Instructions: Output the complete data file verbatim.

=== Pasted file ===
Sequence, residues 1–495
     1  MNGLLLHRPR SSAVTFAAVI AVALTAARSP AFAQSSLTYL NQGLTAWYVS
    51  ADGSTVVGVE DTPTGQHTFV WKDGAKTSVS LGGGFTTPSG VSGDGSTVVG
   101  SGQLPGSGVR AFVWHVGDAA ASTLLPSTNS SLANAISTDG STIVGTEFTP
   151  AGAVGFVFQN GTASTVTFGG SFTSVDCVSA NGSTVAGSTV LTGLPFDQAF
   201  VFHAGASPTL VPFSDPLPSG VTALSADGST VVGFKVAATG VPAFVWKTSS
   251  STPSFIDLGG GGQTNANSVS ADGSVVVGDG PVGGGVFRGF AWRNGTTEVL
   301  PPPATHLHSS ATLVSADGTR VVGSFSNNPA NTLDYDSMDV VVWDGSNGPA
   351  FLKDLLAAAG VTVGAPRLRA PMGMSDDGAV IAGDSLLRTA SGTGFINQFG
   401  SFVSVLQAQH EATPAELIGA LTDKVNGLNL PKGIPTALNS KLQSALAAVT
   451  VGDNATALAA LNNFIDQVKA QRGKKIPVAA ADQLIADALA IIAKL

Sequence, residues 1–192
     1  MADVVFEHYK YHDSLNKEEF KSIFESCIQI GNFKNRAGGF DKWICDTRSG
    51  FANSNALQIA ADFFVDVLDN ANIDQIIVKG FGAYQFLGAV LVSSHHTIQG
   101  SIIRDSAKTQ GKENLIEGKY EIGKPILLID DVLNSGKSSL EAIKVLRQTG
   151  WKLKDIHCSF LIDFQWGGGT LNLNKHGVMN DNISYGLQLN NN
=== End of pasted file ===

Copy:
Sequence, residues 1–495
     1  MNGLLLHRPR SSAVTFAAVI AVALTAARSP AFAQSSLTYL NQGLTAWYVS
    51  ADGSTVVGVE DTPTGQHTFV WKDGAKTSVS LGGGFTTPSG VSGDGSTVVG
   101  SGQLPGSGVR AFVWHVGDAA ASTLLPSTNS SLANAISTDG STIVGTEFTP
   151  AGAVGFVFQN GTASTVTFGG SFTSVDCVSA NGSTVAGSTV LTGLPFDQAF
   201  VFHAGASPTL VPFSDPLPSG VTALSADGST VVGFKVAATG VPAFVWKTSS
   251  STPSFIDLGG GGQTNANSVS ADGSVVVGDG PVGGGVFRGF AWRNGTTEVL
   301  PPPATHLHSS ATLVSADGTR VVGSFSNNPA NTLDYDSMDV VVWDGSNGPA
   351  FLKDLLAAAG VTVGAPRLRA PMGMSDDGAV IAGDSLLRTA SGTGFINQFG
   401  SFVSVLQAQH EATPAELIGA LTDKVNGLNL PKGIPTALNS KLQSALAAVT
   451  VGDNATALAA LNNFIDQVKA QRGKKIPVAA ADQLIADALA IIAKL

Sequence, residues 1–192
     1  MADVVFEHYK YHDSLNKEEF KSIFESCIQI GNFKNRAGGF DKWICDTRSG
    51  FANSNALQIA ADFFVDVLDN ANIDQIIVKG FGAYQFLGAV LVSSHHTIQG
   101  SIIRDSAKTQ GKENLIEGKY EIGKPILLID DVLNSGKSSL EAIKVLRQTG
   151  WKLKDIHCSF LIDFQWGGGT LNLNKHGVMN DNISYGLQLN NN